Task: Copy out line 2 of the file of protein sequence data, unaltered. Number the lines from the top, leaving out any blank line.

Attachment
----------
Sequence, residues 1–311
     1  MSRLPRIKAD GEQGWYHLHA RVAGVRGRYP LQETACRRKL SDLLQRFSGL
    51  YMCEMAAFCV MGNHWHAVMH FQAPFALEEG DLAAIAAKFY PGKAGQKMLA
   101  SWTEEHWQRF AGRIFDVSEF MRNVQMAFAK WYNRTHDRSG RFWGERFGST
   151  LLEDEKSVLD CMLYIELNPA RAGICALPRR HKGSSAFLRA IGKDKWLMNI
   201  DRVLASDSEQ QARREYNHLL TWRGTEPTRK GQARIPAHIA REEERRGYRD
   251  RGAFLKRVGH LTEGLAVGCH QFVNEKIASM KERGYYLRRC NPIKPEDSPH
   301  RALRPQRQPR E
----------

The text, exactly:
     1  MSRLPRIKAD GEQGWYHLHA RVAGVRGRYP LQETACRRKL SDLLQRFSGL